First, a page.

As Delta’s Ed Bastian reaches his anniversary as CEO this month, aviation experts and former regulators say they see signs that the Atlanta-based airline is stepping away from an in-your-face posture that sometimes rankled competitors and annoyed regulators.
The cruelty of U.S. airlines has lately become a sore point for travelers — use strong-arm tactics on customers today, and an airline risks a swift explosion of online outrage. Within the industry, however, Delta Air Lines has spent the past year trying to shake a less-visible reputation as a bruising antagonist that fought with other airlines and bureaucrats alike.
As Delta’s Ed Bastian reaches his first anniversary as chief executive officer this month, aviation experts and former regulators say they see signs that the Atlanta-based airline is stepping away from an in-your-face posture that sometimes rankled competitors and annoyed bureaucrats under former boss Richard Anderson.
The change in attitude can be traced to the personalities of the CEOs. “Richard was a litigator,” said Mo Garfinkle, a longtime aviation consultant who now works with American Airlines Group on international matters. Anderson was a Texas prosecutor before resurrecting Delta after its bankruptcy in 2007. “That litigious, strong, ‘I’m right’ approach of Richard is not the same approach that Ed has.”
Ed Bastain, CEO of Delta Air Lines
Career: Served as Delta’s president from 2007 to May 2016; CEO of Northwest Airlines from 2008 to 2009. Previously was chief financial officer of Delta from 2005 to 2008.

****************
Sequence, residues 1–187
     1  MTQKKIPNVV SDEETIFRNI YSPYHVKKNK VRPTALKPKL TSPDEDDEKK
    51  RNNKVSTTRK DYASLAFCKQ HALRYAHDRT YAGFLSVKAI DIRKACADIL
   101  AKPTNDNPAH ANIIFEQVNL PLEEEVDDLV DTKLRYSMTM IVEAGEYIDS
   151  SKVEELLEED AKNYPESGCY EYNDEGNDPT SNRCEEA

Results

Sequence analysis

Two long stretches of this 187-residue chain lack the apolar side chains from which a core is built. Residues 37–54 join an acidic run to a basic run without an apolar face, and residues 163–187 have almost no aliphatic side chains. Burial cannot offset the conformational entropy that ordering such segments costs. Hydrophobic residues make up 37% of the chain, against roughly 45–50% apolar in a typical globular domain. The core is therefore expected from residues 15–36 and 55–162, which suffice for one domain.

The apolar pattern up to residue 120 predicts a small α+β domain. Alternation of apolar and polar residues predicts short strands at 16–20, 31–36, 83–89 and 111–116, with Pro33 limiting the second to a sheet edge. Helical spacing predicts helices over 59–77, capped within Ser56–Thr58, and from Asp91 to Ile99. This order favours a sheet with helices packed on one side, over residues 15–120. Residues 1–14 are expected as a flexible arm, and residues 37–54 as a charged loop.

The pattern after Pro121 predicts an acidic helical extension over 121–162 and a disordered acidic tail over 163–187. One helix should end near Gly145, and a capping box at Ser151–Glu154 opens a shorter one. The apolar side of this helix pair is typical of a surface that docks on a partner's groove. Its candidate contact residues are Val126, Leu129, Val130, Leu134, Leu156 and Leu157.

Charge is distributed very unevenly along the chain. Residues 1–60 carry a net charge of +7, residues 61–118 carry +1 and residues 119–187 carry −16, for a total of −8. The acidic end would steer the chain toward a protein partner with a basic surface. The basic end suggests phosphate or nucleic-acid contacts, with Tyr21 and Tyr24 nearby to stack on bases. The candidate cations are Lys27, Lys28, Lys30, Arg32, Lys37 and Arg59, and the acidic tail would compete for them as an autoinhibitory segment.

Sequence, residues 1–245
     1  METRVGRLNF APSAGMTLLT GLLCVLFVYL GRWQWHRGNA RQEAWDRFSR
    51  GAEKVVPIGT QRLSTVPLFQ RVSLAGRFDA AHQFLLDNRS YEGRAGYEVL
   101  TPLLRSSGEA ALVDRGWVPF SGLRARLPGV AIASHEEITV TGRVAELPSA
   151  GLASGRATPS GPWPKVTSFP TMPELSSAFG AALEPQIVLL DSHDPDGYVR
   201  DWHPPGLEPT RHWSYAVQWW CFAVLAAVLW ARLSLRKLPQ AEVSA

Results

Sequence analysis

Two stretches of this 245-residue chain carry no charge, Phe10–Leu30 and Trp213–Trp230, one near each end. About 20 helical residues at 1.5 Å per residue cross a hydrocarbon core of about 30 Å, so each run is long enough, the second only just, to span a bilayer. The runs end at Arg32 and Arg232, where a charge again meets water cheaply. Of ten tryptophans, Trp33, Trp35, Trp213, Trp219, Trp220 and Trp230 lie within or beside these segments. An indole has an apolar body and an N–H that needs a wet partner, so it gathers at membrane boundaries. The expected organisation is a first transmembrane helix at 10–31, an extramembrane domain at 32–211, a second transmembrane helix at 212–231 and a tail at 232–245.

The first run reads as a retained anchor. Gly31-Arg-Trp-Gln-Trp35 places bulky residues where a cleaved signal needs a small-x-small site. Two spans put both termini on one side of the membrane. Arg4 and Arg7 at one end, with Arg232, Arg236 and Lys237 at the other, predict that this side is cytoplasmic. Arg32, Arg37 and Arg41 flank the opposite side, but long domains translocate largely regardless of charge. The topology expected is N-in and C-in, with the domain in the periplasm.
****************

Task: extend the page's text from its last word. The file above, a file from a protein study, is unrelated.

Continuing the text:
Compensation: Base salary of $800,000; total 2016 compensation $12.6 million
Stake in Delta: 850,000 shares and options, worth about $40 million
Sources: Bloomberg, company filings
Take, for example, the time in 2014 when Atlanta business leaders were considering a state tax increase for roads and Anderson goaded them not to be “chicken” about supporting it. Or the February 2015 CNN interview in which Anderson brought up the Sept. 11 terror attacks while discussing U.S. carriers’ long-standing policy disputes with Persian Gulf airlines, which prompted a public apology from Delta.
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And there was a parting shot during Anderson’s final days as CEO last May. Delta withdrew future corporate funding for Atlanta’s historic Fox Theatre because the venue hosted a party featuring a performance by Jennifer Lopez at which archrival Qatar Airways celebrated a new route. Delta proclaimed itself surprised and disappointed by the event.
The theater, a local columnist wrote, had been “found in a car trunk, bound and gagged, a single shot to the back of the head.”
The spats ran the gamut — with the government about alliances and landing slots, with lobbyists about whether its interests were being served, even with its own allies in the airline industry. A once-close relationship with Alaska Air Group began unraveling in 2012 as Delta moved to build a hub in the smaller carrier’s Seattle hometown. The partnership between Delta and Alaska was set to end May 1.
Delta in recent years “viewed every issue as a bet-the-company kind of case, and they fought it tooth and nail,” said Kathryn Thomson, a former general counsel at the U.S. Department of Transportation. She senses now, a year into Bastian’s tenure as boss, that Delta may be becoming more like other airlines that tend to “pick and choose which issues are most important to them and fight for them.’’
Bastian, 59, a CPA who earlier in his career worked with food companies, has been repairing a strained relationship with fellow SkyTeam alliance member Korean Airlines.
When the U.S. government insisted that Delta give up some flights to Mexico City to win approval for an alliance with Aeromexico, Bastian complied instead of taking the DOT to court, as Anderson did in a 2015 dispute.